Much of the discussion on cholesterol focuses on its negative effects. However, cholesterol helps with various bodily functions, including cell building and repair, bile production, and hormone production.

There are two types of cholesterol: low-density lipoprotein (LDL) cholesterol and high-density lipoprotein (HDL) cholesterol.

LDL cholesterol is what many people think of and refer to as “bad” cholesterol. HDL is the kind that people consider “good” cholesterol.

Too much LDL cholesterol in the blood can lead to plaque buildup in the arteries. When this occurs, it can lead to cardiovascular disease, including heart attack and stroke.

Cholesterol plays an important role in several bodily functions, which means a person needs some cholesterol in their system to function properly. This article reviews the functions that cholesterol helps with, as well as the different types of cholesterol, the screening process, and normal levels.

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Cholesterol helps with several functions in the body. It circulates throughout the body in the blood and is found in every cell.

The body uses cholesterol to:

  • help build new tissue and repair damage to existing tissue
  • produce steroid hormones, including estrogen
  • help create bile in the liver
  • aides in production of vitamin D

However, too much cholesterol can lead to potentially fatal conditions, such as cardiovascular disease and kidney issues.

Cholesterol is a type of lipid or fat that the liver produces. Cholesterol circulates throughout the body and goes wherever the body needs it.

There are two types of cholesterol, they include:

  • Low-density lipoprotein (LDL) cholesterol: Doctors often refer to this as “bad” cholesterol. It can cause a build up of plaque in the arteries, which can cause them to stiffen and become blocked.
  • High-density lipoprotein (HDL) cholesterol: Doctors often refer to HDL as “good” cholesterol. It can help lower the level of bad cholesterol in the body. It does this by transporting the LDL cholesterol back to the liver, where the body breaks it down and releases it. However, HDL only eliminates about 1/4 to 1/3 of the LDL cholesterol.

Triglycerides also play an important role in understanding the potential negative effects of LDL cholesterol on the body. Triglycerides are the most common form of fat found in the body. They come from stored energy from the foods a person consumes.

High triglycerides and LDL cholesterol levels, combined with low levels of HDL cholesterol, are associated with the buildup of plaque in the arteries and a higher risk of stroke and heart attack.

To check cholesterol levels, a doctor orders a blood test known as the lipid profile or lipid panel. The panel can help determine a person’s 10-year risk for a heart attack or stroke.

The test checks a person’s levels of:

  • LDL cholesterol
  • HDL cholesterol
  • triglycerides
  • total cholesterol levels

Higher LDL cholesterol, triglycerides, or overall cholesterol levels could indicate a person has an elevated risk of developing cardiovascular diseases, such as heart attack and stroke.

The American Heart Association (AHA) recommends a person receive a cholesterol level screening once every 4 to 6 years for people over the age of 20 with no risk factors. People with higher risk factors for developing cardiovascular disease may need more frequent screenings.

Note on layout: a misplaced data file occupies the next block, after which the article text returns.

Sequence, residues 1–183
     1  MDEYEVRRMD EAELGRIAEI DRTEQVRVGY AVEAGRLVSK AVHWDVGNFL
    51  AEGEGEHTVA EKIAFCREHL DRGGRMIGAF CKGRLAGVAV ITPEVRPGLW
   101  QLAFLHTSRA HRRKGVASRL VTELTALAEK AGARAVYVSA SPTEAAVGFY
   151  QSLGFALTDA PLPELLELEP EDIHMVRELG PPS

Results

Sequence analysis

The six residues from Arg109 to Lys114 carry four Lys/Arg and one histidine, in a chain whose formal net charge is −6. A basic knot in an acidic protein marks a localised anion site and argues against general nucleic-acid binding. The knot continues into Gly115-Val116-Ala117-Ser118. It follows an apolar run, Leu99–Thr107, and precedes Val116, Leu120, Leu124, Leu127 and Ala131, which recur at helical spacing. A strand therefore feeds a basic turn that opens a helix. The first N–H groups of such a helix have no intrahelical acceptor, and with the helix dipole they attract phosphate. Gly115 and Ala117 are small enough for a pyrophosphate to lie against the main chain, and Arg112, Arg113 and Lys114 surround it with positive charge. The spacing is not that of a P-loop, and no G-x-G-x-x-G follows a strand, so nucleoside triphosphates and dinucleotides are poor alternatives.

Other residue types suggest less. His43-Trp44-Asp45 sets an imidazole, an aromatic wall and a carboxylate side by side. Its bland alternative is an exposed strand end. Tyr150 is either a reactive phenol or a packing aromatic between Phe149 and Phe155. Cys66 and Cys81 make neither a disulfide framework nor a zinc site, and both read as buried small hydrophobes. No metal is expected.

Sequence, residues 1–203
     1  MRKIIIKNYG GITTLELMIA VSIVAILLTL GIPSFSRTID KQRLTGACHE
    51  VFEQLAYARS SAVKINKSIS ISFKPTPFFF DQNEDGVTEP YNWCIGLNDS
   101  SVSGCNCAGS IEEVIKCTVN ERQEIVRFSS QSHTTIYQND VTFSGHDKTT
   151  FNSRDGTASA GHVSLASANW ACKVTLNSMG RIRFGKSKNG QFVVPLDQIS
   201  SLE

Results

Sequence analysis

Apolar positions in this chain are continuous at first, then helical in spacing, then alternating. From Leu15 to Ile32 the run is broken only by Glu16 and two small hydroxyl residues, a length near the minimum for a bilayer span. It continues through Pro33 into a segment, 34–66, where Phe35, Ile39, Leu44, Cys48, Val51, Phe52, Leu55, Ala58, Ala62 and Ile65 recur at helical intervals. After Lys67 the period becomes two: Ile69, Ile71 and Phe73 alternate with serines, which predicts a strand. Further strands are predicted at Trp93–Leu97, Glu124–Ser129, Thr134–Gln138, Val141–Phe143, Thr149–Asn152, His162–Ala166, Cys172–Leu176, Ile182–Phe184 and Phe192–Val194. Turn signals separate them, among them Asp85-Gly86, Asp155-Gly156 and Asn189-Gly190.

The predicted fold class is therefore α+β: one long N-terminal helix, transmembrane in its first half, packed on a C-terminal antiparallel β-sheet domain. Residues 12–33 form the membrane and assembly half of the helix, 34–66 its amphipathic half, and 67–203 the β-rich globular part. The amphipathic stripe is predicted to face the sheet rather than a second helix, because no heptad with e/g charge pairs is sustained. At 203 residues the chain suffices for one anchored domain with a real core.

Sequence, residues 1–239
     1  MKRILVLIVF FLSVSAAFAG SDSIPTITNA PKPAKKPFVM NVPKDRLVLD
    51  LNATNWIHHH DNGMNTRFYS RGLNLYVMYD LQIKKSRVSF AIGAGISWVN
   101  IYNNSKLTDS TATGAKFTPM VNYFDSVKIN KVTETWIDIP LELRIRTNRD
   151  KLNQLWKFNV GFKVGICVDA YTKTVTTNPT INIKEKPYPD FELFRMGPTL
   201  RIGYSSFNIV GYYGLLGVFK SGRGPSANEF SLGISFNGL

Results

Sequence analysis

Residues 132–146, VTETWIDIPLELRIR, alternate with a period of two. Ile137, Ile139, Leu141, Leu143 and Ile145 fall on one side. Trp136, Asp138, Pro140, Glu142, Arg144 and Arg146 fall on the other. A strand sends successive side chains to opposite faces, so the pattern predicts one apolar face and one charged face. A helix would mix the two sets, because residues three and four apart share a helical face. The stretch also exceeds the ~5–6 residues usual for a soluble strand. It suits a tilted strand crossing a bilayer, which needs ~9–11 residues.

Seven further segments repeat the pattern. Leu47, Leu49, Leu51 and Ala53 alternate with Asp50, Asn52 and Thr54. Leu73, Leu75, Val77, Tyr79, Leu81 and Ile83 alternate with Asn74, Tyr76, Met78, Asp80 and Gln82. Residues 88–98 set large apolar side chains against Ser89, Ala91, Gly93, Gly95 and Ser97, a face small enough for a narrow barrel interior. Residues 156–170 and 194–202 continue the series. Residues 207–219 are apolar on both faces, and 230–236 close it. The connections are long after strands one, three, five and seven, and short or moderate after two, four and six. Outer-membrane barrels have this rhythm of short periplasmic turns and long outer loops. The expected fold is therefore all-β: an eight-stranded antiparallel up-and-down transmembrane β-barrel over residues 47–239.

The test is a noninvasive blood draw that a doctor may perform at a lab, hospital, or office. It requires a person to fast for 9–12 hours prior to the test, so people often do them in the morning before they have had food.

A tech will take a blood sample and send it for analysis at the lab. The lab will then return the lipid profile to the person’s doctor, who will go over the results with them over the phone or at a follow-up appointment.

In some cases, a person may be able to access their lipid profile through an online chart. They should ask their healthcare professional if they have a system they can log into to see their results.

After analysis, a lab will send a person’s doctor a report detailing their cholesterol levels. According to the Adult Treatment Panel III, the standard levels reported in a lipid profile include:

LDL cholesterol level

  • optimal: less than 100 mg/ dL
  • near optimal/above optimal: 100 to 129 mg/dL
  • borderline high: 130 to 159 mg/dL
  • high: 160 to 189 mg/dL
  • very high: greater than 190 mg/dL

HDL cholesterol level

  • low: less than 40
  • high: greater than or equal to 60

Fasting triglyceride level

  • normal: less than 150 milligram(m)/deciliter (dL)
  • mild high hypertriglyceridemia (elevated fat levels): 150 to 499 mg/dL
  • moderate hypertriglyceridemia: 500 to 886 mg/dL
  • very high or severe hypertriglyceridemia: greater than 886 mg/dL

In addition to the lipid profile, a doctor will use other factors to help assess a person’s 10-year risk of cardiovascular disease. They include:

Cholesterol helps with various bodily functions, including cell building and repair, bile production, and hormone production.

When kept at normal levels, a person has one less risk factor for developing cardiovascular disease.

If cholesterol levels are high, the person has an increased risk of developing cardiovascular disease.

A person should have their doctor test their cholesterol levels every few years to determine if they are within the typical healthy range.